Rose & Poe by Jack Todd

A fable for adults, Rose & Poe is also a re-imagining of The Tempest from the point of view of Caliban (Poe) and his mother (Rose). My thoughts on the book are from someone who has never read The Tempest, and only knows the bare bones of it. I might be missing some cool connections to the play, but this way I can get a sense of what the story is like on its own.


In a small rural village, somewhere in New England, there lived a “monster” of a man with twelve fingers and twelve toes named Poe. He wasn’t very bright, but he was gentle and hard-working.

A fisherman from the city, lingering on a riverbank, hears a strange, wild song in the distance. He shivers, wondering what manner of beast lopes these dark hills. He reels in his bait, packs up his tackle, jogs the half-mile to his pick-up truck, and drives four miles downriver before he dares to cast his bait again. When he does so, it’s with an eye over his shoulder for a creature not of this earth.

Poe had a devoted mother named Rose. She and Poe lived together in a little house on the edge of town and were happy and content with each other.

[Rose]: Poe had his addlements and particularities. That ain’t to say he’s nobody’s fool, only he don’t do no editions nor suttractions, and he can’t read for squat. But he’s a good boy. He does right by his mother, and he does right by other folks. I believe that’s worth more than ciphers.

Poe was infatuated with the sweet, beautiful Miranda.

Thorne watches from the kitchen window. Miranda with her brownies, strolling out to visit Poe. The way the poor devil lights up like a Christmas tree when he sees her. If he were a dog, he’d be wagging his tail.

One day Poe was found carrying Miranda out of the forest, all covered in blood. With no other evidence to go on, the authorities arrested Poe and charged him with assault.

Poe’s trial begins on the fourth day of January, with curiosity seekers packing the Belle Coeur County Courthouse, anticipating an irresistible concoction: beauty and the grotesque, sex and violence, a villain who will be satisfyingly pilloried at the end.

The people of the village wanted justice and someone to blame for the heinous crime.

There is evil afoot in the land and someone must pay, and for reasons none of them could articulate, that someone must be Poe.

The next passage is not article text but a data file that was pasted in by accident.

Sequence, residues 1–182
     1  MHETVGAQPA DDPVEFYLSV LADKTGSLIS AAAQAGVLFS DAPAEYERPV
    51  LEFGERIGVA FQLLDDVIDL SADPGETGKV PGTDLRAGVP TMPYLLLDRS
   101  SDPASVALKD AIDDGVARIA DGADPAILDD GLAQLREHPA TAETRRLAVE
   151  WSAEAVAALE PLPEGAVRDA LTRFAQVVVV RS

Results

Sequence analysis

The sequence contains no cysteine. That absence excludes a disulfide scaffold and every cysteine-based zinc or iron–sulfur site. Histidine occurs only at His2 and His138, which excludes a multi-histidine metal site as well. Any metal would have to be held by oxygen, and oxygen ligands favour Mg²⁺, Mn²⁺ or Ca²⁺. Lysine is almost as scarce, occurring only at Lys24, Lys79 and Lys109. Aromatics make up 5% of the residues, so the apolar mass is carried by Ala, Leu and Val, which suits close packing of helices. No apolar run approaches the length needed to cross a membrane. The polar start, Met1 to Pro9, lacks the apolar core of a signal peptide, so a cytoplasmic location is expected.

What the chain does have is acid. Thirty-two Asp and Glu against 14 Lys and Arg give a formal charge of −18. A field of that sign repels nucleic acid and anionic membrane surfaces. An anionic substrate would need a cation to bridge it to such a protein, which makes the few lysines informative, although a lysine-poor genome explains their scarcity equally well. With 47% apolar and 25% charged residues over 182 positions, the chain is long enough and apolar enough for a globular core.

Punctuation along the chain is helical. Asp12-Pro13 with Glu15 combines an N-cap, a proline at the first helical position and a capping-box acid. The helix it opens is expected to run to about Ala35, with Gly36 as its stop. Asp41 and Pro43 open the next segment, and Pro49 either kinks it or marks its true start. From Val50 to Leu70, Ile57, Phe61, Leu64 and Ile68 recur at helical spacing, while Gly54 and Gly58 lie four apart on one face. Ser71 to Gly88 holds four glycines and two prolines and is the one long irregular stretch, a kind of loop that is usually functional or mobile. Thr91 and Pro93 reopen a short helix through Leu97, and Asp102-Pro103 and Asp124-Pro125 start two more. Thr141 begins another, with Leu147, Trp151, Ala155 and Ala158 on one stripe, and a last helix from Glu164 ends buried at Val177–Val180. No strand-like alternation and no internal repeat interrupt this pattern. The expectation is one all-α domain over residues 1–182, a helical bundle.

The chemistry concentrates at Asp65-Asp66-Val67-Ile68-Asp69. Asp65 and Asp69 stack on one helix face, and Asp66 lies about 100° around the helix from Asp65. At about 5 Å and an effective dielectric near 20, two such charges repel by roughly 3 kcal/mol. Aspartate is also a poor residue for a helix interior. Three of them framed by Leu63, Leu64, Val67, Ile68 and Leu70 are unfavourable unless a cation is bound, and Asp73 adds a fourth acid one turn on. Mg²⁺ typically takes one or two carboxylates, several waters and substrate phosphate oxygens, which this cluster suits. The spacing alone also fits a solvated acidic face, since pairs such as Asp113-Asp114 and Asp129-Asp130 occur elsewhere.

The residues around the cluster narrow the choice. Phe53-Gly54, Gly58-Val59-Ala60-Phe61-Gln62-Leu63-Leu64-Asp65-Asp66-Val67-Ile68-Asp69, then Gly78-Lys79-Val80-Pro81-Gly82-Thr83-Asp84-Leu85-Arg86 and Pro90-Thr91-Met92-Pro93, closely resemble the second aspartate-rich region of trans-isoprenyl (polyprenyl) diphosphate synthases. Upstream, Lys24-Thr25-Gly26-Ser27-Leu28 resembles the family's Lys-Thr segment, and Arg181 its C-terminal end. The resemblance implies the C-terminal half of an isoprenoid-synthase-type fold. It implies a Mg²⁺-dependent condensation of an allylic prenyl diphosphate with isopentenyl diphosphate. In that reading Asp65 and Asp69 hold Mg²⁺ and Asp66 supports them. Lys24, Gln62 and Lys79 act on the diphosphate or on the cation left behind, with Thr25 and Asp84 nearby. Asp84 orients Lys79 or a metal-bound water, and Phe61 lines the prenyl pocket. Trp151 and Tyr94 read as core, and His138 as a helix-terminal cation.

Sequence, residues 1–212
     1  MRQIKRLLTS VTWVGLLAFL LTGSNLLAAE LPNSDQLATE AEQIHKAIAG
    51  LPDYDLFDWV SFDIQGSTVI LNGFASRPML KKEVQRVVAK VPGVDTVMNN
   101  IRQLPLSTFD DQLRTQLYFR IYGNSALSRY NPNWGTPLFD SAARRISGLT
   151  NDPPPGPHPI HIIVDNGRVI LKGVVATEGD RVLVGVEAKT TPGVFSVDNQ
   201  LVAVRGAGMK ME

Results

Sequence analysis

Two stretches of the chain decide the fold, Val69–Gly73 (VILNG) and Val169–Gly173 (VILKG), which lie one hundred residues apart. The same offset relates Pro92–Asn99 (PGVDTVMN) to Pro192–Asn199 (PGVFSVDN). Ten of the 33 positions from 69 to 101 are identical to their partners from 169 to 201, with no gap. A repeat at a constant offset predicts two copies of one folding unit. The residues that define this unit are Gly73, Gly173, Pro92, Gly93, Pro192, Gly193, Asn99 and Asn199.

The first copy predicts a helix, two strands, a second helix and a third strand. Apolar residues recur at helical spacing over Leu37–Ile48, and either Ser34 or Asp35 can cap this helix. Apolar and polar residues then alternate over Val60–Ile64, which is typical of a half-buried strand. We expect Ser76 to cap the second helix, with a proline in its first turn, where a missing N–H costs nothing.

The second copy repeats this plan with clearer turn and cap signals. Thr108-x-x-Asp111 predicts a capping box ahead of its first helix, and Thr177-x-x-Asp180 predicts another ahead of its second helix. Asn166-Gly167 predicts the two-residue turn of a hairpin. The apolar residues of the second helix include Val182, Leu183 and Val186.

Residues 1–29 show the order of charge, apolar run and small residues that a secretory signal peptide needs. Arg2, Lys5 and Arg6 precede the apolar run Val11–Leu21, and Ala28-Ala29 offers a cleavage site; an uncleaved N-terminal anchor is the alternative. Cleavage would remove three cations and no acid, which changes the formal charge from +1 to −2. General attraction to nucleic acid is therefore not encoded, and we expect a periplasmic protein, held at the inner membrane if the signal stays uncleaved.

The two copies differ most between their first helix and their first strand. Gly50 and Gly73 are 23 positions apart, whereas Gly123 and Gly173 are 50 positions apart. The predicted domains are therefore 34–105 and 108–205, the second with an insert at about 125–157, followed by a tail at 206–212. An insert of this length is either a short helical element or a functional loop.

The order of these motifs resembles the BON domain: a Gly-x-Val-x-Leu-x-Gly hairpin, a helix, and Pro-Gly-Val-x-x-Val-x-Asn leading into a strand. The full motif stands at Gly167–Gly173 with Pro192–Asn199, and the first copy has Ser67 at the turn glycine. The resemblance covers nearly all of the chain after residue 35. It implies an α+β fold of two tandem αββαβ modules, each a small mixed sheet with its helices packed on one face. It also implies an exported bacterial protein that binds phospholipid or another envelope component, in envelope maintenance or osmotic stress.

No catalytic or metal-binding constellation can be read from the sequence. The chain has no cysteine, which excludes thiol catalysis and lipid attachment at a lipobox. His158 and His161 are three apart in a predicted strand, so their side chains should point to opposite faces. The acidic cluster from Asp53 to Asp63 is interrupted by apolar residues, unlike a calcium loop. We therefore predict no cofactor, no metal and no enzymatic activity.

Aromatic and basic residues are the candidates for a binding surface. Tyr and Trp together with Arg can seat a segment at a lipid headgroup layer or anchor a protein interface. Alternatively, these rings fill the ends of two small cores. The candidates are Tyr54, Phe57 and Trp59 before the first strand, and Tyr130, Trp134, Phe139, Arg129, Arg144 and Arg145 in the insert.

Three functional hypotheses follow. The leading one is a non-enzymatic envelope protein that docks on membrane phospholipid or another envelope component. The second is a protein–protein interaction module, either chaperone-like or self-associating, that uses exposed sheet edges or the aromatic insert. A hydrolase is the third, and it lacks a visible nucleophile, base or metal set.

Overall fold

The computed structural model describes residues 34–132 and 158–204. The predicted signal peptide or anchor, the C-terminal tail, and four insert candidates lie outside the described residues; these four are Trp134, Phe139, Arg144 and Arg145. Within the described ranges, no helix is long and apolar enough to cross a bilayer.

Rose and Poe suddenly found themselves outcasts in the community they loved. Hatred and violence threatened to overtake them.

“There he is! That’s Poe! That’s the goddamn rapist mutant who done that girl! Get him! Take the freak down!


In some ways, this book doesn’t feel entirely original; a “gentle giant” who is wrongly accused and a beautiful woman who is attacked and needs to be saved. (It would be cool to switch those two characters around, wouldn’t it?) But, on the other hand, I enjoyed reading it and think it can help remind of us of some of the things we forget at times; acceptance of the “other”, and appreciation of the simple things in life – goats, cheese, small cozy houses, our mothers – all things I love.

If you’re a fan of adult fables or The Tempest you might especially want to give this book a try.

A similar read for me, but possibly more original, was The Douglas Notebooks by Christine Eddie.

Thank you to ECW Press for sending me a copy of this book for review!

21 thoughts on “Rose & Poe by Jack Todd

  1. annelogan17 says:

    Unfortunately this story does sound all too familiar, although I suppose it’s difficult to be unique when writing something based on another work. Perhaps the author could have reversed the roles, as you so creatively suggested 🙂

    • Naomi says:

      I liked that about it, too. Rose was my favourite character – she really didn’t care what anyone thought of her. She just wanted to live and let live, love and let love.

    • Naomi says:

      Three books have crossed my path in the last year that have had a connection to The Tempest. but I have still resisted reading it! Surely, there will be no more for a while. 🙂

      • buriedinprint says:

        I was just thinking about that (because of our Robertson Davies reading) and how resilient you have been in sticking to your refusal. Heheh

      • Naomi says:

        Luckily, it’s not actually that hard. 😉
        I did see a copy of The Tempest last time I was browsing the books at the thrift store, but I refused to buy it. It’s like it’s stalking me… I will not read it!

  2. FictionFan says:

    I like the language but the present tense would put me off, plus as you point out it’s not a particularly original story (and I’m somewhat tired of all these retellings of classics to be honest). However based on the writing I’ll look out for other stuff from him in the future.

  3. madamebibilophile says:

    I really like The Tempest, but a lot of it is prblematic, particuarly the portrayal of Caliban. I’d be interested to read this, even though Caliban/Poe has not been resolved through a particuarly original storyline!

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